Intel confirms Bob Swan is company’s new permanent CEO

1 Feb 2019

Bob Swan. Image: Intel Corporation

Swan is the seventh CEO in Intel’s 50-year history.

Chip giant Intel has confirmed the appointment of Robert ‘Bob’ Swan as its permanent CEO after he served several months as the company’s interim CEO.

Swan had previously been the chief financial officer (CFO) of Intel. That role is now going to be filled by Intel’s president of finance, Todd Underwood, on an interim basis.

‘We are in the midst of transforming the company to pursue our biggest market opportunity ever’

“As Intel continues to transform its business to capture more of a large and expanding opportunity that includes the data centre, artificial intelligence and autonomous driving, while continuing to get value from the PC business, the board concluded after a thorough search that Bob is the right leader to drive Intel into its next era of growth,” Intel chair Andy Bryant said. “We considered many outstanding executives and we concluded the best choice is Bob.”

Managing tech’s biggest transition

Swan is an interesting choice, having a track record of successful leadership inside and outside Intel.

He stepped into the interim CEO role in June after his predecessor, Brian Krzanich, resigned following an investigation into a “consensual relationship with an Intel employee”.

Prior to joining Intel, Swan served as an operating partner at General Atlantic and on Applied Materials’ board of directors. He previously spent nine years as CFO of eBay, where he is currently a director.

“In my role as interim CEO, I’ve developed an even deeper understanding of Intel’s opportunities and challenges, our people, and our customers,” Swan said.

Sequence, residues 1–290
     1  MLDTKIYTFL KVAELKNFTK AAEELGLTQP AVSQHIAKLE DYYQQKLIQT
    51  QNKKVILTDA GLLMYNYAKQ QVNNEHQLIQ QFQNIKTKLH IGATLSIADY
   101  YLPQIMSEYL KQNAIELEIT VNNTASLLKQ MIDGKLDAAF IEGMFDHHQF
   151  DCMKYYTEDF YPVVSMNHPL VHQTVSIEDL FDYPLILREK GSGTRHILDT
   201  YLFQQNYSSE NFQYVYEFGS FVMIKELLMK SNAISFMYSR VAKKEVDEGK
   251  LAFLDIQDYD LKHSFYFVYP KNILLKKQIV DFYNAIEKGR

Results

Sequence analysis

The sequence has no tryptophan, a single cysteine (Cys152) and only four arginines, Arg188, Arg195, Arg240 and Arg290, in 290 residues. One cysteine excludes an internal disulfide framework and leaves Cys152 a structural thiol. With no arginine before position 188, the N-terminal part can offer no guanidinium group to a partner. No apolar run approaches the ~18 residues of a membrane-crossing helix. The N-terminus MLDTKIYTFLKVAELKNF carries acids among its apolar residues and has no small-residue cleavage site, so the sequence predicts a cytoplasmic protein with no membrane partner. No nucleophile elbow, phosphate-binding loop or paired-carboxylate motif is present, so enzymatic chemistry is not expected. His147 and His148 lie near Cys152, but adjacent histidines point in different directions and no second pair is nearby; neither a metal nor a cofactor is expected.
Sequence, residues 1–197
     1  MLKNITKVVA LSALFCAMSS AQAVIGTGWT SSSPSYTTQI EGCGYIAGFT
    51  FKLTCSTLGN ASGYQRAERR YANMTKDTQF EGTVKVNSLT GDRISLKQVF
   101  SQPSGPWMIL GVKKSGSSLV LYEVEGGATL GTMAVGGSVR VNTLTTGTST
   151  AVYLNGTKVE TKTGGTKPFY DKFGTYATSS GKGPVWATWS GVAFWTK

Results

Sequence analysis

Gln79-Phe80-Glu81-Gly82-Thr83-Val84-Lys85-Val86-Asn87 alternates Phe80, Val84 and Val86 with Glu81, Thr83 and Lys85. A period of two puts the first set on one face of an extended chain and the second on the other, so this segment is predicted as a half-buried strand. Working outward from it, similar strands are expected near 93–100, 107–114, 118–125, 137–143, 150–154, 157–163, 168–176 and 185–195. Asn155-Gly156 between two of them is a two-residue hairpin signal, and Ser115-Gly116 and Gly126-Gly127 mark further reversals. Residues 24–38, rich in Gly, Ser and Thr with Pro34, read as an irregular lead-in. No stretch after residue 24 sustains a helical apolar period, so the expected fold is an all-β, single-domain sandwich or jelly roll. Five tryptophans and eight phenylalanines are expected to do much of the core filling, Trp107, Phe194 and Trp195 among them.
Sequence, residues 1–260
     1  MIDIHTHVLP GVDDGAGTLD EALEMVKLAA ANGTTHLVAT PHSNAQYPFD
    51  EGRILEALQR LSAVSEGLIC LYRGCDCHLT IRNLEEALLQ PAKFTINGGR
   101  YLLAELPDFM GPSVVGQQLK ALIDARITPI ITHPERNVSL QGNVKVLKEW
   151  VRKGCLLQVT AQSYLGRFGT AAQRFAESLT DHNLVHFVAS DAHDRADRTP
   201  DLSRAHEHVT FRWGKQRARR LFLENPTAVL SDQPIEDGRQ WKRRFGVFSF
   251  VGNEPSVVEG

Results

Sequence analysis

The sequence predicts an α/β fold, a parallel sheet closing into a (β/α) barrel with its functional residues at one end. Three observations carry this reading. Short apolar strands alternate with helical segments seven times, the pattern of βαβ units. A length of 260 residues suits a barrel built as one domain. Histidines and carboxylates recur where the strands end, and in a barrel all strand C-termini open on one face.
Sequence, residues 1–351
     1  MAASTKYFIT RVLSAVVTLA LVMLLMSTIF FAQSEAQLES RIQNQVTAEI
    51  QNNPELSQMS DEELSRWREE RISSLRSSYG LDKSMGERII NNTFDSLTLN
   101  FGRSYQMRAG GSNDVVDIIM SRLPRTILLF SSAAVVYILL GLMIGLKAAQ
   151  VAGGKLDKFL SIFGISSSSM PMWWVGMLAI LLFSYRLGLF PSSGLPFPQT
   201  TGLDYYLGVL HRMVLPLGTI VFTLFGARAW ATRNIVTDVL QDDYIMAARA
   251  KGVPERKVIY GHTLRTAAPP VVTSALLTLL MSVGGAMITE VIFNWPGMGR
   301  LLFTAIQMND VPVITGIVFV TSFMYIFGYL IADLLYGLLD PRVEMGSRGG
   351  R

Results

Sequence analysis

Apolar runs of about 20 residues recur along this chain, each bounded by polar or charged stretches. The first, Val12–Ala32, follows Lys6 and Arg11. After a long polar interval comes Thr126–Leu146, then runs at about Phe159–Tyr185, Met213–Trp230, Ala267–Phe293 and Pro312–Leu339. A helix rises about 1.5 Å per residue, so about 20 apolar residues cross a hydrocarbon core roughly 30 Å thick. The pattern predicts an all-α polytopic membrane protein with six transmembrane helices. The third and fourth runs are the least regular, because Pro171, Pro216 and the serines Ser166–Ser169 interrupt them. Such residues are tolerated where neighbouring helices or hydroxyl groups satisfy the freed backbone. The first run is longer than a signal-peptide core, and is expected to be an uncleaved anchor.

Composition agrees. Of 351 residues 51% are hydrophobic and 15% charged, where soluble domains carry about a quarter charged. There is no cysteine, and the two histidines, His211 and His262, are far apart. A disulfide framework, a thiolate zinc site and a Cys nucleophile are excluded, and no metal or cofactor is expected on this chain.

“When I was first named interim CEO, I was immediately focused on running the company and working with our customers. When the board approached me to take on the role permanently, I jumped at the chance to lead this special company.

“This is an exciting time for Intel. 2018 was an outstanding year and we are in the midst of transforming the company to pursue our biggest market opportunity ever. I’m honoured to have the chance to continue working alongside our board, our leadership team and our more than 107,000 superb employees as we take the company forward.”

Last week (25 January) Intel reported fourth-quarter revenues of $18.7bn for 2018, up 9pc year over year. For the full year 2018, the company reported $70.8bn in revenues, which delivered a profit of $21.1bn.

“We are forecasting another record year and raising the dividend based on our view that the explosive growth of data will drive continued demand for Intel products,” Swan said last week.

In recent weeks reported how Intel is on the verge of a major manufacturing expansion at its facility in Kildare after winning planning permission for the project. The project could yield more than 3,000 construction jobs and 850 full-time technician roles when completed.

In December, Intel’s senior vice-president and general manager of manufacturing and operations, Irishwoman Ann Kelleher, announced that Intel planned to expand its major wafer fab sites in Ireland, Israel and Oregon to pursue a $300bn annual available chip market.

John Kennedy is a journalist who served as editor of Silicon Republic for 17 years